Poll says voters think casinos good for economy, but not Gov. Scottby John Kennedy | January 10th, 2012
Opening Florida to casino gambling would be good for the state’s economy, but cutting Medicaid spending to find more dollars for education is a bad idea, a poll released Tuesday by Quinnipiac University shows.
The survey of 1,412 registered voters also shows Gov. Rick Scott is still struggling with low approval ratings.
Fifty percent of respondents say they disapproved of his job performance, compared with 38 percent who like what he’s doing — a slight improvement over a similar Quinnipiac poll in September.
Despite Scott saying that the state’s improving joblesss rate is a sign that things are looking up in Florida, 34 percent of those questioned said the economy is worse than when the governor took office last January, compared with 16 percent who say it’s better. Another 45 percent said the economy is about the same.
With the 2012 Legislature opening Tuesday morning, Quinnipiac’s survey covered the landscape of issues expected to drive the two-month session. Among those topics covered, legislation that would open the state to casinos and clear the way for as many as three ‘destination resorts’ to open, likely in South Florida, was generally supported.
Peter Brown, Quinnipiac’s assistant director of polling, said the survey showed allowing Las Vegas-style casino gambling won narrow, 48-43 percent backing from voters. But by a wide, 61-33 percent margin, voters said casinos would be good for the state’s economy.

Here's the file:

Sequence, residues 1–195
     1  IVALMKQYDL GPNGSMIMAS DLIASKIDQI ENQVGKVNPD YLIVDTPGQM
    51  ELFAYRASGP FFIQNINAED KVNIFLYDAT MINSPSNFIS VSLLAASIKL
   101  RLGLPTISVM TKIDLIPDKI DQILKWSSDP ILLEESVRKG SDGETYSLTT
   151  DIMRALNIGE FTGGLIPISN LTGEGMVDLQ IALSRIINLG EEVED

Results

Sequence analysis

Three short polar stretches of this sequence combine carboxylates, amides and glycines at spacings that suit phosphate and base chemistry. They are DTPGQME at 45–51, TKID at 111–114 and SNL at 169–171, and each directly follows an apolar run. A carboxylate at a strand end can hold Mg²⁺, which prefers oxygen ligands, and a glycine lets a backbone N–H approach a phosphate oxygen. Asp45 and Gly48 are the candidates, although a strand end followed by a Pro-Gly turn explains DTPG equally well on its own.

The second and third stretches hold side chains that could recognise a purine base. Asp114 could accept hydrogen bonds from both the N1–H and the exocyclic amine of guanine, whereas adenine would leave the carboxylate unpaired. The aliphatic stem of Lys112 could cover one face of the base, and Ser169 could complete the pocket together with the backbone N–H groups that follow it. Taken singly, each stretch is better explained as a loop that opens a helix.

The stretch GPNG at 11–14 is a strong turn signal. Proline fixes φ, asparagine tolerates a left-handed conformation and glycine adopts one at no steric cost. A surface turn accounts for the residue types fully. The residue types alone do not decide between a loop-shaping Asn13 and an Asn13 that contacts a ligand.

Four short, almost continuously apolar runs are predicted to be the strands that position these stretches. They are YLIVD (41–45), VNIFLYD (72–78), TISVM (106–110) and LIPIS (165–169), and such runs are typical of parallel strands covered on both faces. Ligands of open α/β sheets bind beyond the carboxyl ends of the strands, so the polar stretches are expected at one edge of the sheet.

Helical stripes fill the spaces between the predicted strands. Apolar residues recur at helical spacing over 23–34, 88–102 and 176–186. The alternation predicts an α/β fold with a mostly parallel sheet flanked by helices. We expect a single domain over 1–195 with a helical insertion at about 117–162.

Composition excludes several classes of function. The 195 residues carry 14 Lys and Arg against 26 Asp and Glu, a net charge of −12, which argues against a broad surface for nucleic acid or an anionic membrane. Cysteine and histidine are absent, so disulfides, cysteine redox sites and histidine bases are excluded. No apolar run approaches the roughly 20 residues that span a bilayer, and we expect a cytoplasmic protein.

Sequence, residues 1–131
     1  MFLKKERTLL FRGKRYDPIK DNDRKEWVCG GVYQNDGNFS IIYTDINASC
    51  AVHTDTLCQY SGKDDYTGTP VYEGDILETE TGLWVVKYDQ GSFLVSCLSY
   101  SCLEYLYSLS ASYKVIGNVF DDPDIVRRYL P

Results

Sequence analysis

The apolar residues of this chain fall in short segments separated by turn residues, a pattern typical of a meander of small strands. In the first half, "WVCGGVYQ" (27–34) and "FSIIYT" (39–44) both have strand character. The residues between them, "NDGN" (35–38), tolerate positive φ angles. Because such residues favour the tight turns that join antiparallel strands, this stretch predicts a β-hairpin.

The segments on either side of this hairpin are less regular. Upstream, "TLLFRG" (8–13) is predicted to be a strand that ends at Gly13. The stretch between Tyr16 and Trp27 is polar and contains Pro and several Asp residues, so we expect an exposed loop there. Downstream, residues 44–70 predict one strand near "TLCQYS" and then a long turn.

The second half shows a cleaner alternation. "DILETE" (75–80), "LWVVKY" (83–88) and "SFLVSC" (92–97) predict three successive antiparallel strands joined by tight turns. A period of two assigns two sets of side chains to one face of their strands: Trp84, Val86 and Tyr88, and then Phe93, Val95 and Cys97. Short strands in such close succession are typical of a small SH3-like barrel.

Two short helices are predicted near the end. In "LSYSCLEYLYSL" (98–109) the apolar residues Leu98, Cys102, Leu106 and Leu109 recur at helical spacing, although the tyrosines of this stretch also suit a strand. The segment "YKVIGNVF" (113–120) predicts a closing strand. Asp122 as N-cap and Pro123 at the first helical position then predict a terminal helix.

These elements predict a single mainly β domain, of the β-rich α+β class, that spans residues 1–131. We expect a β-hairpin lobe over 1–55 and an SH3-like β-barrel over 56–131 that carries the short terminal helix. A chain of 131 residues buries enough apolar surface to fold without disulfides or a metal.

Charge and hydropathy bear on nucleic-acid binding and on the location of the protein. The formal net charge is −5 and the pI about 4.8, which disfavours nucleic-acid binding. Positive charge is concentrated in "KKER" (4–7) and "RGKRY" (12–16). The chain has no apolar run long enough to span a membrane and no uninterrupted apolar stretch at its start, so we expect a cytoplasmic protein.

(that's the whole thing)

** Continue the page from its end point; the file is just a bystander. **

“Creating Las Vegas-style, non-Indian casinos in Florida gets a narrow thumbs up from the voters,” Brown said. “But there are interesting partisan, gender and educational and age differences.”
Registered Republicans narrowly oppose casinos, 48-46 percent. Democrats support them 51-40 percent. Independent voters also look ready to place their bets, backing an expansion of gambling by 53-39 percent.
Scott has proposed as much as a 40 percent reduction in the millions of dollars the state pays hospitals for treating poor, elderly and disabled patients through Medicaid. In turn, Scott would use that cash as the base for a proposed $1 billion increase in funding for public schools — a turnaround from the $1.3 billion cut to schools he signed into law last year.
But the Medicaid cut is rejected by those in the Quinnipiac survey, with voters by a67-24 percent margin rejecting Scott’s approach. Still, those surveyed also don’t appear very optimistic about whatever comes out of the 2012 Legislature.
The poll showed that by a 48-39 percent split, voters think the state budget is unfair to people like them. By a 49-33 percent margin, they also disapprove of the way the Legislature is handling its job.
The survey has a 2.6 percent, plus-or-minus, margin of error. The survey of 1,412 voters was coducted Jan. 4-8.